Can you talk about the spice, or is it a trade secret?
Black pepper, allspice, clove – those wintery spices, and a little bit of brown sugar. Then we’re doing Cashel Blue, which is made near the town of Cashel. It’s the first farmhouse Irish cheese to make it to the mass market. I was actually just there a few weeks ago. They’re wonderful – in 1983 when they started, the mom was making six wheels a day in the house. Now, they’re making 200 tons a year. It’s just a really excellent, excellent cheese. Full-flavored enough for blue cheese lovers, but mild enough if it’s your first blue that it’s definitely smooth. I don’t know yet what the dessert will be, but it will have Irish whiskey in it [laughs]. Probably a Basque cake – a custardy cake with Irish whisky.

Do you have a favorite whiskey?
My favorite… I would have to say I have two favorites. My first favorite if we don’t include cost, is Middleton. But Middleton is super-duper expensive. If cost is no matter, then Redbreast. It’s really, really delicious and it’s half the price.

Have you done the same menu for the feast each year?
We change it every year, it has really evolved over the years from being originally a meal where what we did was an interpretation of classic Irish dishes, where now we’re almost making a modern Irish cuisine with ingredients that are indigenous. These wouldn’t be the kind of dishes that you’d see anywhere else because these are definitely our dishes, but with strong Irish influences. We had a funny story that happened, you can print it or not print it.

What happened?
In one of the first years we made the feast, it was the only menu that was available. So we had one party that called and made one reservation for five for the tasting room, and they were told it was the special tasting menu, and they said, “Yes, yes.”And they had a reservation for the St. Patrick’s Day menu with a party of six. And then they sit down and they say, “We don’t eat black pudding.”And we said, “But when you made the reservation we told you that it was a tasting menu and that these were the things that were going to be served, and now you’re telling me you don’t eat this food, and unfortunately this is the only menu that we’ve prepared.”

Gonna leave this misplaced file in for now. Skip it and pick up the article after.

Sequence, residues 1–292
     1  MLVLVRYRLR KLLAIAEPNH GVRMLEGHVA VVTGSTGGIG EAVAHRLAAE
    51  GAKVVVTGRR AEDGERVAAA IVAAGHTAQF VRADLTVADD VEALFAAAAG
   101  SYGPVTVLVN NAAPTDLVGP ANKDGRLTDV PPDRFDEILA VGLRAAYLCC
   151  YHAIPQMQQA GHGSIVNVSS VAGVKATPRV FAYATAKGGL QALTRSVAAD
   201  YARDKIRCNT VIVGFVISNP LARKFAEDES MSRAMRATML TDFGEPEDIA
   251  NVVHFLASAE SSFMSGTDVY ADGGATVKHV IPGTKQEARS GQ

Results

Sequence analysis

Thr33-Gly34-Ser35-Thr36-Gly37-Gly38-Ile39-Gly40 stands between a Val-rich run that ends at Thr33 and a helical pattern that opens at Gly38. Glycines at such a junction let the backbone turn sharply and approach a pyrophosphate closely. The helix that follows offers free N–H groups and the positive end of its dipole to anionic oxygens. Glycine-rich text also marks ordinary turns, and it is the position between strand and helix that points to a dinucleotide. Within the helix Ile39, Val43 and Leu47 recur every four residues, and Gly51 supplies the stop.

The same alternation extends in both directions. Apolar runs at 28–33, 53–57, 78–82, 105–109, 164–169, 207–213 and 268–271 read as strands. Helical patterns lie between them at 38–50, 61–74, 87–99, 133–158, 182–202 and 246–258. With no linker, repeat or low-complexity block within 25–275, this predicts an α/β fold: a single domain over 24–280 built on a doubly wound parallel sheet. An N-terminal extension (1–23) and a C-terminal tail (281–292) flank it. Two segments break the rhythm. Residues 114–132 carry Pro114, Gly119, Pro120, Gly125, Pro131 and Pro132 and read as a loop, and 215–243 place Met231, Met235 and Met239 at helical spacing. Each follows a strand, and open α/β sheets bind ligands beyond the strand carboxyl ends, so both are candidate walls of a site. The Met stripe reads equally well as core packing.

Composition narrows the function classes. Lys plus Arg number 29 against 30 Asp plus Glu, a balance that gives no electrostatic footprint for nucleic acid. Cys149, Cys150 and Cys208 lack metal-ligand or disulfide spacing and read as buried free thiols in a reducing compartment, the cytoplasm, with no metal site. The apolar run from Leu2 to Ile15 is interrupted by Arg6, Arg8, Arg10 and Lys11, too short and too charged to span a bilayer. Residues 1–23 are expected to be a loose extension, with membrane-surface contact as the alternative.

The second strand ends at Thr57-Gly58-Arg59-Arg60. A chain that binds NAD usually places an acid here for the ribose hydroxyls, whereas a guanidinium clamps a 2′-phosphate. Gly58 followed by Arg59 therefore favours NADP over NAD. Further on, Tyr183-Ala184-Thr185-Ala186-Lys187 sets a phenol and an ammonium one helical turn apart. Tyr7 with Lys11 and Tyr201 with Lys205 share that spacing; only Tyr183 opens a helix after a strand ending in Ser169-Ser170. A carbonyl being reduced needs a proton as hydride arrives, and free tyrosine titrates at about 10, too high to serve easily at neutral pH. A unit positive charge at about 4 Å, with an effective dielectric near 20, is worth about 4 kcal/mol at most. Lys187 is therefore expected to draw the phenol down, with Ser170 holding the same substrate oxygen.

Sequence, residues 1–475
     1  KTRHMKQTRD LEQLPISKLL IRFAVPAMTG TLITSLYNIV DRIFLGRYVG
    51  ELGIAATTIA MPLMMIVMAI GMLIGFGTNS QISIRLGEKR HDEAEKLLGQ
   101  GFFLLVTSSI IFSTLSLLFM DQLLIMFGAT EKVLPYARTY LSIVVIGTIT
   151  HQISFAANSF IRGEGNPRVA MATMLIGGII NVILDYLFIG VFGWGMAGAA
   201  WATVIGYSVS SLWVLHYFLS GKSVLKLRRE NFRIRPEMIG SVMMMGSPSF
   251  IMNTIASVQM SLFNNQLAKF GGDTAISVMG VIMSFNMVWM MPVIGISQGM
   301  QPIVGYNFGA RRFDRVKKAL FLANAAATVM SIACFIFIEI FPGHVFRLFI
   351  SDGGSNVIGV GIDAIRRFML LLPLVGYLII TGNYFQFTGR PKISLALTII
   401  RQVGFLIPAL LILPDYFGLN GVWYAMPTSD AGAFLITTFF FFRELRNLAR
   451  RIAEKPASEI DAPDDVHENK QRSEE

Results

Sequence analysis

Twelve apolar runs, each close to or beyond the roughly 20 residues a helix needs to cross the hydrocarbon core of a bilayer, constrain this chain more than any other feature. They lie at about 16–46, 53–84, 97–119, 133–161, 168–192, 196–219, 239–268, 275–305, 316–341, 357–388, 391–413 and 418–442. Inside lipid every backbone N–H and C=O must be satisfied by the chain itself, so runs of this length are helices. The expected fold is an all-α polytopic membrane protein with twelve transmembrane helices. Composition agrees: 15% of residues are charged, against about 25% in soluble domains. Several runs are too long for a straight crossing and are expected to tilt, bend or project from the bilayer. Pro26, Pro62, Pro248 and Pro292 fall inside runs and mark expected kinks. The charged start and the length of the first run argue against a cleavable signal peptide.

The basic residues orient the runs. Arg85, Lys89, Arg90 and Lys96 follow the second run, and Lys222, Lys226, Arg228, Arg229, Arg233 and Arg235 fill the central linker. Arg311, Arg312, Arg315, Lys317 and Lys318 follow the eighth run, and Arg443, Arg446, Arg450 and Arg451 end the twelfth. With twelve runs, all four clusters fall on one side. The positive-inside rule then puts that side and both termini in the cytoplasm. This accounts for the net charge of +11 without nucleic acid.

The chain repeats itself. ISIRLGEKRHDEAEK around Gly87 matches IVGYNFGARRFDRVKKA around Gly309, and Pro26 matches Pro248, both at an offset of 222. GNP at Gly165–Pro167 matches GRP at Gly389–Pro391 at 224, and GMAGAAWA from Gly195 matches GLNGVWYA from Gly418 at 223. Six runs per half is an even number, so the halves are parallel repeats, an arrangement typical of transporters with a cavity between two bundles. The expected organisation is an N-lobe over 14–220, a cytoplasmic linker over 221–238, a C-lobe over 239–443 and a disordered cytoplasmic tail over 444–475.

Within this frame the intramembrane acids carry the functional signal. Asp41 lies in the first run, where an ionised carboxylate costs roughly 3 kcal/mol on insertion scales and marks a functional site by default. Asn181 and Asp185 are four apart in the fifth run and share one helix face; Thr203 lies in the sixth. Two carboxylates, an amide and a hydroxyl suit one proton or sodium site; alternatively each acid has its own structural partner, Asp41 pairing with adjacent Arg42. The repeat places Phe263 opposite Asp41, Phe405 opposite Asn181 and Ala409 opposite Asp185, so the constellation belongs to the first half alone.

What did you do?
[Laughs] We ended up at a little bit of an impasse. How did we negotiate a new menu? Well, it was a challenge, and not fun. One of those things when you have that conversation that tells them what they’re getting into and they say, “Yeah, yeah, yeah,” but they're not really listening to you.

What about Irish food don't people know that you wish they did?
Well, I think most people when you say Irish food have the idea that it would be impossible for an elegant cuisine to come from Ireland. That’s what happens when the only Irish cuisine you know is overcooked, mushy everything. But the thing about Ireland is that agriculturally it’s very wealthy. It’s the same latitude as Newfoundland, but unlike in Newfoundland, with Ireland, the Gulf Stream from Florida comes across the Atlantic and keeps the climate moderate. You know the way the seas freeze around Newfoundland, well with Ireland it doesn’t. That’s one of the reasons it's known as the Emerald Island because of the temperate climate. From a food perspective you can farm outdoors year round. So say for example, with tomatoes in the best years you can get decent tomatoes, but there’s a broad palette of food available year round. Just thinking about my father’s micro garden for example — he has great apples, pears, cherries, plums, leeks, cabbage, potatoes, rhubarb, radishes, beets, asparagus – and these are just things that my Dad grew. That’s one aspect.